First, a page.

When I made my first forays into real paid employment, I had to tackle the thorny issue of childcare. Childminder or nursery? Enlisting the grand-parents wasn’t an option, and neither was either myself or my husband becoming a stay-at-home parent. We initially picked a nursery at my husband’s work-place, and then found one closer to home. The fees were astronomical – larger than the mortgage – but we scraped by. I had some comments (addressed to me, never to my husband) along the lines of “why bother having kids if you’re never going to see them?” which I shrugged off.
We timed having our second child so that we would not have two children in nursery at the same time for long – if nursery fees for one child were astronomical then double nursery fees were on a whole other level. My employer at the time (not 67 Bricks, I should add) only offered the barest minimum maternity package, and so I could only afford to take four months’ maternity leave (my take-home pay went down to around £120 a week after the first 6-weeks of leave). This was before the change in the law that would have allowed my husband to take some extended leave himself – when he requested to do so his employer said something along the lines of “you can do that when men start giving birth to babies”.
Despite the deficiencies in that company’s maternity policy, my immediate line manager was wonderfully accommodating. He allowed me to have an arrangement where I worked in the office for about 5 hours a day and then completed the rest of my hours at home. This enabled me to reduce the nursery hours from 9-4 rather than 8-6, and save money while spending more time with the kids. He also gave me considerable flexibility around school holidays, and working from home on days when I had various child-related errands such as school plays, parent appointments etc.
Speaking of school, nobody ever tells you that having a school-age child is actually harder to fit a job around than having a nursery age child. The school day ends at 3pm – and who is ready to finish work at 3pm??? Also, there are 13 weeks a year of school holidays to somehow cover. At the time, the school did not have an after-school club (they started one up in later years) and so I had to find a child-minder who could do after-school pickups. There was a holiday club at a school in the next village which I used – it was heavily sports-related, which my son in particular did not like, but I told him there was no choice and he had to go.
Over the next decade I went through various child-care arrangements, including nursery, childminders, after-school clubs, holiday clubs, and various forms of flexible working arrangement for both myself and my husband. Our days were organised with military precision. Drop the kids at school at 8:40. Drive like a maniac to work, never being able to arrive earlier than 9:30. And then having to leave at 5pm on the dot so that I could once more drive like a maniac to pick the kids up by 6pm or risk being fined (typically an immediate fine of £15 and then £10 for every extra 15 minutes you were late). And the stress of sitting in a traffic jam on the motorway, watching the clock tick, wondering exactly how late I would be. I changed jobs and my new line manager was equally wonderful – I was never quite able to complete my full hours during office-time, but he was perfectly fine with me making up time in the evenings. And he never once quibbled when I said that I could not get in any earlier than 9:30, or stay any later than 5pm.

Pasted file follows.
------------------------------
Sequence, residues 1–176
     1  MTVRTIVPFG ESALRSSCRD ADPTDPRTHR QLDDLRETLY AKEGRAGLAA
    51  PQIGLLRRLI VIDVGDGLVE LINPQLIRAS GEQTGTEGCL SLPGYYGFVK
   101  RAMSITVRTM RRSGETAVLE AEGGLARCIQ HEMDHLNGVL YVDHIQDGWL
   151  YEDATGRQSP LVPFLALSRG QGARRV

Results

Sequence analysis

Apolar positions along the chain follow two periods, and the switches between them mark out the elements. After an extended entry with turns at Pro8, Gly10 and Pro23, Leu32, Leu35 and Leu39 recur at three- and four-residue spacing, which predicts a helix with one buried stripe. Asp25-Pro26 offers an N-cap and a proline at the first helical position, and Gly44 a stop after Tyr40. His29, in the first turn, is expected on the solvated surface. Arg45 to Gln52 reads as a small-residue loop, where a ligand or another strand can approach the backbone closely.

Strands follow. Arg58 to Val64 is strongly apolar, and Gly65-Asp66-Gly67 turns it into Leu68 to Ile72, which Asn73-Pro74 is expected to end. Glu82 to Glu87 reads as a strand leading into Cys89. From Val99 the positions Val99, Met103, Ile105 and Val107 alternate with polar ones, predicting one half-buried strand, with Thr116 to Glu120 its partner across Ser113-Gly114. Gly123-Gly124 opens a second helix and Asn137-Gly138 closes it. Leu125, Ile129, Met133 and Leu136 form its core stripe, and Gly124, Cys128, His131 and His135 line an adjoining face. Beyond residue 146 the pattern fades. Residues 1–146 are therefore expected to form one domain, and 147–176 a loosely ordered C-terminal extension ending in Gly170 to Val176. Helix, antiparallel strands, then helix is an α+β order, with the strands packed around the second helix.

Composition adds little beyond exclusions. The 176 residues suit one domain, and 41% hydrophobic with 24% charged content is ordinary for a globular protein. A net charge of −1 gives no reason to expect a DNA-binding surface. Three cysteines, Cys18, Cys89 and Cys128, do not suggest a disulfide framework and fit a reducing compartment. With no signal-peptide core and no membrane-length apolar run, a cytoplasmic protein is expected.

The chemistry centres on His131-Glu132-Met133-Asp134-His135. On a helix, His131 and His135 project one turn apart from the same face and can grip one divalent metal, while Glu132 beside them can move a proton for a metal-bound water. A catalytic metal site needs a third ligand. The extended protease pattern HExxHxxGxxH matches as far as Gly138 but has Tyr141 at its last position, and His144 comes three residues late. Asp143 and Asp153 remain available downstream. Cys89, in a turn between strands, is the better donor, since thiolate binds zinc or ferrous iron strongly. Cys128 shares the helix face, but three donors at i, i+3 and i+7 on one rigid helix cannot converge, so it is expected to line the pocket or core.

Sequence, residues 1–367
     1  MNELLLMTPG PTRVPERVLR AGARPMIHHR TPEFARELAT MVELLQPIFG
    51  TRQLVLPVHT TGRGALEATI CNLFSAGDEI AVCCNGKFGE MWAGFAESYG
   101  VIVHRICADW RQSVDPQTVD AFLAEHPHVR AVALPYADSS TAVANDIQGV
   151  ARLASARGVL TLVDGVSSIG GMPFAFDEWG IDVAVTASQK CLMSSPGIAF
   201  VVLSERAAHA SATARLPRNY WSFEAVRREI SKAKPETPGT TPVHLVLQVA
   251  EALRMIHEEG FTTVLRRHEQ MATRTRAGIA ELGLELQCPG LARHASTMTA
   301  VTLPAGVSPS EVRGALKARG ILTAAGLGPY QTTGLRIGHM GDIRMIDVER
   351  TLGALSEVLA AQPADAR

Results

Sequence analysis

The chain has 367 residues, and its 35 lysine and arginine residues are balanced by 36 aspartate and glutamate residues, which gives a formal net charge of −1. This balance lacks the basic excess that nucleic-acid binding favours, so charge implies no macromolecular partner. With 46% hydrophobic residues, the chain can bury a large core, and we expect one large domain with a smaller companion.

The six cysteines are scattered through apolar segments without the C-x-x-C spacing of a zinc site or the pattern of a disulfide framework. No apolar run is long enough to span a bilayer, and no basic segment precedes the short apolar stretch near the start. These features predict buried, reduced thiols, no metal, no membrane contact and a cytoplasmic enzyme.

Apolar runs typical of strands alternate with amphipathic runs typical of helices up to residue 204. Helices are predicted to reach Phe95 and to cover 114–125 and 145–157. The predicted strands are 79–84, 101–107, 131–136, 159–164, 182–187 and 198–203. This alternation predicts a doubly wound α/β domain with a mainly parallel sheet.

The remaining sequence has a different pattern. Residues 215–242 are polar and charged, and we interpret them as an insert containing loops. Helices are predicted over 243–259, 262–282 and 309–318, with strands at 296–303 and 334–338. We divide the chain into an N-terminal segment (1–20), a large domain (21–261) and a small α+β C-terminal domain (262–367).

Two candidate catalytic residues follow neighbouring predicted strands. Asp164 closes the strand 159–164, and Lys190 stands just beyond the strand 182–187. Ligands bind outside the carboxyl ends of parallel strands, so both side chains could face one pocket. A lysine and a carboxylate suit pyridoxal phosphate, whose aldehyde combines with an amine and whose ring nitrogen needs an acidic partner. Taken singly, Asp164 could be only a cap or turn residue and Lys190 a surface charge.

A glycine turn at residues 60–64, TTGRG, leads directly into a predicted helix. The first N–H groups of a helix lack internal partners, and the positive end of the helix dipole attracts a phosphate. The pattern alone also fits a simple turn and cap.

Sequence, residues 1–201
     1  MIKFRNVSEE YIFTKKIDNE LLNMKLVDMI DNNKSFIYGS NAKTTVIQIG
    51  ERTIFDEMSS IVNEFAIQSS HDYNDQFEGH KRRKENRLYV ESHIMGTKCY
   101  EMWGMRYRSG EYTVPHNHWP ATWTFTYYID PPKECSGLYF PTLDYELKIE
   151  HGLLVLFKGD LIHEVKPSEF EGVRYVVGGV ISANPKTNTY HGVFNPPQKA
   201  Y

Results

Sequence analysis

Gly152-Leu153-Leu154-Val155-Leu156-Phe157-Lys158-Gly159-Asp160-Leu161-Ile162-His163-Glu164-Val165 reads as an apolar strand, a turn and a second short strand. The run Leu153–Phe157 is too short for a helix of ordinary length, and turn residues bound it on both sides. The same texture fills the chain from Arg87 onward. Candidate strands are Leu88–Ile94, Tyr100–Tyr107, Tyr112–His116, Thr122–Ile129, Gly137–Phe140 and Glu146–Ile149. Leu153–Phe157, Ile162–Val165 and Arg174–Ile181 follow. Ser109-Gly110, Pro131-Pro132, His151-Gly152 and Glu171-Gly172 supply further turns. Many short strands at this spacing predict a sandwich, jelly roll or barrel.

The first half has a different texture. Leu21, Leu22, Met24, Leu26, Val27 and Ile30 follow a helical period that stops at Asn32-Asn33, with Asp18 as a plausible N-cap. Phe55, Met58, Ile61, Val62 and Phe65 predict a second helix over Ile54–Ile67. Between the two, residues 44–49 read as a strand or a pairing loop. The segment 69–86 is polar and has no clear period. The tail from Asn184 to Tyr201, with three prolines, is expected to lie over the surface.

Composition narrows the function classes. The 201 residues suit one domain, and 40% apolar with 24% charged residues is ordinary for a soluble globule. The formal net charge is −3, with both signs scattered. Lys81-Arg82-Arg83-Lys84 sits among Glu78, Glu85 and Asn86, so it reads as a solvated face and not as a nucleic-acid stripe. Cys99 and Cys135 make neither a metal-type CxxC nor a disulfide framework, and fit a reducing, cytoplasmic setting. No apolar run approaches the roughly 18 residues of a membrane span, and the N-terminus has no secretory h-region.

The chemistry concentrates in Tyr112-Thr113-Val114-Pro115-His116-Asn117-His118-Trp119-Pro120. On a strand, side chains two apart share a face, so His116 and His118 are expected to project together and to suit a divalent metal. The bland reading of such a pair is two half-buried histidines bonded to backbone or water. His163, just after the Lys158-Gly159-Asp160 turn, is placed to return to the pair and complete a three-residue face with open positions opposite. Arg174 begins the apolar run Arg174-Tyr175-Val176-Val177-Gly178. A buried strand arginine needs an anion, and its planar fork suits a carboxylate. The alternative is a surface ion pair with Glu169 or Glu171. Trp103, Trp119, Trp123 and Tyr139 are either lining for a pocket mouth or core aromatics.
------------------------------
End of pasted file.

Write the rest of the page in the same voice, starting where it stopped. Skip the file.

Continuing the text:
My kids are now in secondary school and make their own way to and from school, and are old enough to be left alone during school holidays. Therefore I finally no longer have to worry about pick-ups, or astronomical childcare fees, and I don’t have to rush around like a loon trying to pick them up by a specific time.
The key takeaways from all this are:
Parents need flexibility. We have schedules to meet, parents evenings and school plays to attend, and sometimes sick children to tend to. Having an understanding manager who doesn’t watch the clock, and allows you to complete your working hours according to whatever pattern works, makes our lives so much easier.
Child-rearing is expensive. Attractive maternity packages will improve your staff retention and employee satisfaction no end. The 67 Bricks maternity policy is better than many (Employees who have been here 2 years get 12 weeks on full pay and 12 weeks on half pay).
Dads need flexibility too. For every dad who you allow to leave early to do a school run, there is probably a grateful mum who is able to get on with her own job without worry. The number of dads standing at the school gate is getting bigger year-on-year. When I was a child my dad was the only one at the gate, but these days it is much higher and that is only a good thing. I have seen male colleagues experience discrimination in previous jobs, for example expressions of incredulity when they state an intention to take paternity leave.